Ranky Tanky performs Saturday at the Mondavi Center.  (Courtesy photo)

Alexander String Quartet with Robert Greenberg

Sunday, April 2, 2 p.m., Jackson Hall

A major artistic presence in its home base of San Francisco, the Alexander String Quartet is equally beloved in its second home, the Mondavi Center. This year the quartet appears with violist David Samuel joining cellist Sandy Wilson, and violinists Fred Lifsitz and Zakarias Grafilo.

The final Alexander String Quartet performance will take place in Jackson Hall and will feature Robert Greenberg's lecture on each piece followed by a full performance of the same piece. The program will include String Quartet No. 13 in G Major, Op. 106 and String Quartet No. 14 in A-flat Major, Op. 105.

Greenberg has performed, taught and lectured extensively across North America and Europe. He is currently music historian-in-residence with San Francisco Performances, where he has lectured and performed since 1994. 

No nineteenth century composer wrote chamber music more joyful, more melodically brilliant, more accessible, and more compositionally sound than did the Bohemian born and bred Antonin Dvořák (1841-1904). Protégé of Johannes Brahms, father of nine children (all with his first and only wife); beloved teacher, conductor, violinist, and pianist, Dvořák was perhaps, along with Joseph Haydn, the nicest, kindest, least neurotic person ever to become a major composer. Like Haydn, Dvořák created a body of musical work remarkable for its straightforward expressive content, its humor, humanity, grace and technical polish.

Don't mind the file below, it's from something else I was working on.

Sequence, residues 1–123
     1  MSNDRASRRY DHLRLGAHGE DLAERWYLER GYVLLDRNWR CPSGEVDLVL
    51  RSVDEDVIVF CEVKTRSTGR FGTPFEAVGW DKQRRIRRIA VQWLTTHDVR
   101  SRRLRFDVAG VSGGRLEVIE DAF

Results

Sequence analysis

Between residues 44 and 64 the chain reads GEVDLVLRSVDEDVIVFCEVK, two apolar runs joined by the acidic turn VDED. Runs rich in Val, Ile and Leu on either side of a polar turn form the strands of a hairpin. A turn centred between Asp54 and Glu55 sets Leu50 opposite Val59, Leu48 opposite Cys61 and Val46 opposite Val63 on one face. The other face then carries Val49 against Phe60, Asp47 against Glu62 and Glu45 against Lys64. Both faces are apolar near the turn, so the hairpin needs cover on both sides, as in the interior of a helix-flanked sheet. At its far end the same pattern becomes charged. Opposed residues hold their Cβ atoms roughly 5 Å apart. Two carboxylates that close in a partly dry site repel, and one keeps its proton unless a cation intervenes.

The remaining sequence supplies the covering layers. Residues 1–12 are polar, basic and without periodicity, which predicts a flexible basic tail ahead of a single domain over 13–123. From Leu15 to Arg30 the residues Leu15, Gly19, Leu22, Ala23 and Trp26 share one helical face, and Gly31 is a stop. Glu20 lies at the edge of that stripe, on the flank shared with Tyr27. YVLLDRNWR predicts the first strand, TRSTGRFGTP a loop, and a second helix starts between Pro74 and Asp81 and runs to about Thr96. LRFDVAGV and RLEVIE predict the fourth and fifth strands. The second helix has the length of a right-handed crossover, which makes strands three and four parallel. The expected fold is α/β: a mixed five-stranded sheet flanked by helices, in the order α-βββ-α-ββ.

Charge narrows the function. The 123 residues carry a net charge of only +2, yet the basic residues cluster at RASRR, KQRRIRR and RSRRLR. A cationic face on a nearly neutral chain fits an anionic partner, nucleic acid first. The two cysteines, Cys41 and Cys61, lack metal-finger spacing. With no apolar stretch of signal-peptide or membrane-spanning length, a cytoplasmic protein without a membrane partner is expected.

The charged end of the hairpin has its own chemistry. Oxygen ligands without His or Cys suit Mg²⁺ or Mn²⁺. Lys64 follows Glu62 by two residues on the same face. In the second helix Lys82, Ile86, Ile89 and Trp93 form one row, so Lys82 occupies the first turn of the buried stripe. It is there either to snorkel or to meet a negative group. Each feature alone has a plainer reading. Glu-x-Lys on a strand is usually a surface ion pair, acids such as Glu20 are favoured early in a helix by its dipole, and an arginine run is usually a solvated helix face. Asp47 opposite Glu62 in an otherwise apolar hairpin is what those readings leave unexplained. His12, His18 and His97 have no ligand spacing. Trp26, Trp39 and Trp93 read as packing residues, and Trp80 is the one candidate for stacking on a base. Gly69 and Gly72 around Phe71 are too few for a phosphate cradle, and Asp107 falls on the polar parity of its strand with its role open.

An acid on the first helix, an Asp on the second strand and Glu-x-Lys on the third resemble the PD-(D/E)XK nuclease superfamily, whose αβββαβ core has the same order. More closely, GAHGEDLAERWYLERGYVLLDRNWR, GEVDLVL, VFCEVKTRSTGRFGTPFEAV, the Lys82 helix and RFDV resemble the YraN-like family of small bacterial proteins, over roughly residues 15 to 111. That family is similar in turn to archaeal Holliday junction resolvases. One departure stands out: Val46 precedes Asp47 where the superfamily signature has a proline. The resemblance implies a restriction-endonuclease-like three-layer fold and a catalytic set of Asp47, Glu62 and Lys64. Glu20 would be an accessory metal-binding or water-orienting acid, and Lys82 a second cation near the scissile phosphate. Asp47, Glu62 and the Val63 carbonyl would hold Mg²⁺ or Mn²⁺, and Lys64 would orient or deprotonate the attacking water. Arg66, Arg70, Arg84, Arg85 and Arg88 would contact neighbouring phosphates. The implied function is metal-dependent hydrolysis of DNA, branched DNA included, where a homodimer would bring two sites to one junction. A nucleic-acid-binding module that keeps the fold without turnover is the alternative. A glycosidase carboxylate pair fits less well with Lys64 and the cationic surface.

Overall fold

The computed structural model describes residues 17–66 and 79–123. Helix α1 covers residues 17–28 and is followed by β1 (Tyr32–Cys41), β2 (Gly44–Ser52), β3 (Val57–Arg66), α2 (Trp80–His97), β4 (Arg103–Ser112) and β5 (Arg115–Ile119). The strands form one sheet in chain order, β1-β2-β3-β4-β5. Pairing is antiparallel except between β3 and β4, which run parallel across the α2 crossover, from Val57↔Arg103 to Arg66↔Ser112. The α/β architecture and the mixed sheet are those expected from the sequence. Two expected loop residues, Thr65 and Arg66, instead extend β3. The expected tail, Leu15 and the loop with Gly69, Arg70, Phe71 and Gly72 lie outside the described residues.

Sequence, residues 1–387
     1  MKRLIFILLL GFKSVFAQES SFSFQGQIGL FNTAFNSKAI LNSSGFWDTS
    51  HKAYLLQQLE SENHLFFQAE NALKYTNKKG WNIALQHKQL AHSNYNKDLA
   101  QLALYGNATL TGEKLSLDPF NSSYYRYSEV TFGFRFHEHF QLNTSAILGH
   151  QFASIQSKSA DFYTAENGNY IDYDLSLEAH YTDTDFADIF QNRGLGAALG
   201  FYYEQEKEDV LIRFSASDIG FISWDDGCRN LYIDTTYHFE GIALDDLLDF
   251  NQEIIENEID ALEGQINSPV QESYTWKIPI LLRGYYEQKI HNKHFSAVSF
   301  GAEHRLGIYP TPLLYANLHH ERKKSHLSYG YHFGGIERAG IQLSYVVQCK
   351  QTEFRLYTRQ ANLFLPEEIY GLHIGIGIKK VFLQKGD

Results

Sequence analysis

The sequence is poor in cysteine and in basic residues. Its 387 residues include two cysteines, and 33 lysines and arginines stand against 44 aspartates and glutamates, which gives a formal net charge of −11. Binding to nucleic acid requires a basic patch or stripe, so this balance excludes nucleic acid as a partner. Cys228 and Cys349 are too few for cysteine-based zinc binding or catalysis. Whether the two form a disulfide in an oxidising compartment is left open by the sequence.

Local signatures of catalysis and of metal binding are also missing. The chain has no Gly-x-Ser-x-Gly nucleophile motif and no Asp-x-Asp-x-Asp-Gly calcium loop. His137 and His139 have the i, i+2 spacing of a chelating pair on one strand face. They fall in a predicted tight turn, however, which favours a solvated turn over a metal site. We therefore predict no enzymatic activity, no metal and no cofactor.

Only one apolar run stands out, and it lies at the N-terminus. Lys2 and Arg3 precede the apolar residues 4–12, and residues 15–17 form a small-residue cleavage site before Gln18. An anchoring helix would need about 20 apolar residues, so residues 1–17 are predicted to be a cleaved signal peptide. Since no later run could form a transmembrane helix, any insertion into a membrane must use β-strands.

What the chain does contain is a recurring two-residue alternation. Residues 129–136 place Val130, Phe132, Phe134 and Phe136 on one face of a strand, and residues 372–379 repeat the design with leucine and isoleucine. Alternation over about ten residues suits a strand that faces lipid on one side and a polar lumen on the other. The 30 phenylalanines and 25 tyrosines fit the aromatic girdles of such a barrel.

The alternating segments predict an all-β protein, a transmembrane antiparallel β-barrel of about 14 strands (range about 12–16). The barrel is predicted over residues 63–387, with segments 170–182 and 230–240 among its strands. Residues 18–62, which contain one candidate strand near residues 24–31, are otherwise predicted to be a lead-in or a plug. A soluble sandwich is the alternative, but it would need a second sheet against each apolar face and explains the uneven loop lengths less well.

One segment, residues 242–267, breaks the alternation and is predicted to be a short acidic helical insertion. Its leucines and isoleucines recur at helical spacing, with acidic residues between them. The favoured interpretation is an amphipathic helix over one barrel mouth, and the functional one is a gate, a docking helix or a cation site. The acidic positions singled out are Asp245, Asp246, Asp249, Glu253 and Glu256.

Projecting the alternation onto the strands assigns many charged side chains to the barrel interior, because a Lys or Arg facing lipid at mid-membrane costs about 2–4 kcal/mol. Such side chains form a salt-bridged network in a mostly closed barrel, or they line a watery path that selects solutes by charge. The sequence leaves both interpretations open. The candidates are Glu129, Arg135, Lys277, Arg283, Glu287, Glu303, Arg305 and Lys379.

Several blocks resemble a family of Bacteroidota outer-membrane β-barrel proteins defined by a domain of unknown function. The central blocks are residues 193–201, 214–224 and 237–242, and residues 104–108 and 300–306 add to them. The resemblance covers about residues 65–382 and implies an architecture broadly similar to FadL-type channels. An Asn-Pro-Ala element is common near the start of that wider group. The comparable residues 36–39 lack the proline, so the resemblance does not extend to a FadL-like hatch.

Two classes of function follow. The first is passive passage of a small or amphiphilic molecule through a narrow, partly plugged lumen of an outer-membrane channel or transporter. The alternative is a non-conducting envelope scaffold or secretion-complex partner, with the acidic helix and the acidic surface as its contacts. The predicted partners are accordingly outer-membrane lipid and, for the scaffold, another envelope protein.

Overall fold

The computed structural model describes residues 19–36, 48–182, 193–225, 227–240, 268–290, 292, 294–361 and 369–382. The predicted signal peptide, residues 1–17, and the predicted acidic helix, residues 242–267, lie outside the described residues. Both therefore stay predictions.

Find more information and purchase tickets here.

UC Davis Creative Writing Series: Salvador Plascencia

Wednesday, April 5, 2023 at 4:30 p.m.; UC Davis Library, room 205

Blue cover of book with hands and arms drawn on in white
People of Paper (HarperCollins)

Salvador Plascencia is the author of the cult favorite The People of Paper, named a best book of the year by the San Francisco Chronicle, Los Angeles Times and Financial Times. The People of Paper has been translated into a dozen languages and widely anthologized and adopted in Chicanista, postmodern, and design courses throughout the country. His writing has appeared in McSweeney's, Lucky Peach, Tin House, and the Los Angeles Times. He teaches fiction writing at Harvey Mudd College.